sector mean few financing alternatives for these individuals, which explain the
relatively high interest rates. Unlike most peers, Consupago's businesses are
primarily direct, avoiding heavy broker-related fees. However, operational,
reputational and event risks could be material.

Strong and recurring net interest margin (NIM) of 49.9% and sound efficiency of
31.5% as of June 2012, are major drivers of sound and ample core earnings. Some
pressure has arisen from a more challenging environment, increasing competition
and higher expenses driven by its soon conversion into a bank. Fitch considers
that Consupago will likely maintain robust earnings, comfortably absorbing its
high credit costs.

Given the payroll deduction mechanism, overall impairments, provisions and
charge-offs are relatively moderate. The negative recent trends are driven by
lower charge-offs and a tough economic environment. Loans are diversified by
borrower, although certain concentrations by regions and employers remain. A
gradually enhanced credit process in recent years and ample loan loss reserves
are additional mitigating factors for credit risk. Consupago further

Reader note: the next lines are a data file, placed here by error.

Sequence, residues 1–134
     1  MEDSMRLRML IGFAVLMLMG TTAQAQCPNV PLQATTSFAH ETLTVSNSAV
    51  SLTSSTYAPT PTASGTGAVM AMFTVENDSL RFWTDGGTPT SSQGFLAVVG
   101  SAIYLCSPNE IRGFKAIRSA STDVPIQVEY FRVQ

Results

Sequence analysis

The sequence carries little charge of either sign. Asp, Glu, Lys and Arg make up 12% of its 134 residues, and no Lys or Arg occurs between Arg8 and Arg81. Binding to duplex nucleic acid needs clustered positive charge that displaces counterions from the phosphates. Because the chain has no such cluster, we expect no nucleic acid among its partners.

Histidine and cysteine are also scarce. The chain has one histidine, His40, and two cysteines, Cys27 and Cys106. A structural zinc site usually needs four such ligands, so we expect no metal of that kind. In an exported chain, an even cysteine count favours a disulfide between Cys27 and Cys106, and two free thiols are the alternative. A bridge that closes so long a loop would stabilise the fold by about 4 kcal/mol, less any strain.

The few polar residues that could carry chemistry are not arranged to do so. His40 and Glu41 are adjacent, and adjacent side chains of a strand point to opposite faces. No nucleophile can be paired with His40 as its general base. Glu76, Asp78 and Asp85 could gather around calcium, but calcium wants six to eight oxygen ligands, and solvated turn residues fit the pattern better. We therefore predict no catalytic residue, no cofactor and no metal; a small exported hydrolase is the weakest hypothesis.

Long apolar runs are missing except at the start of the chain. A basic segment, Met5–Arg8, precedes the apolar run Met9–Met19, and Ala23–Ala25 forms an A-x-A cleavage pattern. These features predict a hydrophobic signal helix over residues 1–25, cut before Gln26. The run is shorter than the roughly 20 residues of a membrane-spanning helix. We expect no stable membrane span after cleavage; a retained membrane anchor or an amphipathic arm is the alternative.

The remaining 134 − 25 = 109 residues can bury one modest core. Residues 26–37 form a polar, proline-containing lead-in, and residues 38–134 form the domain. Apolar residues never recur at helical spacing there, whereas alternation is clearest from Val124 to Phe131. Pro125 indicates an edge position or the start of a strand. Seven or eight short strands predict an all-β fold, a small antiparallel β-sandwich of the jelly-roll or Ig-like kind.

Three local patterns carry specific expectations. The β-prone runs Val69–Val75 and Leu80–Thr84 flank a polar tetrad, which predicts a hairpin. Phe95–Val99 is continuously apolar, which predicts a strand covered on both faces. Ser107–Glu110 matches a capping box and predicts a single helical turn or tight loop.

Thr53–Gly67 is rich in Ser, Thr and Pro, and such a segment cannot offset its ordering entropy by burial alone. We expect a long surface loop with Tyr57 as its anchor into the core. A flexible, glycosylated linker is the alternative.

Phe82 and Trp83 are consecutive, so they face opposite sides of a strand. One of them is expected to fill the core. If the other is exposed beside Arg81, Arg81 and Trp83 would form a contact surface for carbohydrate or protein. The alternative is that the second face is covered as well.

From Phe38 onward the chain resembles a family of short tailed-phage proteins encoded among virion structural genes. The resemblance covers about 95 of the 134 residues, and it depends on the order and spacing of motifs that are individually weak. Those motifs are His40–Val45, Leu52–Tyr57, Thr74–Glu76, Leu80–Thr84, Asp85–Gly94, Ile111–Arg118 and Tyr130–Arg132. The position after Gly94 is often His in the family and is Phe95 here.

strengthened its risk management framework while migrating into a bank.

Given its exceptionally high profitability and the slowdown in loan growth in
recent years, the capital base is ample and has continued growing steadily. Even
after adjusting for certain non-core assets; Fitch's measurement of core capital
remained at a robust 44.3% of total assets as of June 2012. Sound capital is one
of Consupago's key strengths.

In Fitch's opinion, improving its funding structure is one of Consupago's major
challenges. While liquidity is comfortable and sustained by ample and recurring
portfolio cash flows, the funding base is concentrated in a few secured banking
facilities, as well as unsecured local and global debt issues that have shorter
tenors than its loan portfolio. While Consupago does not plan to materially
change its business profile following its conversion into a bank, Fitch expects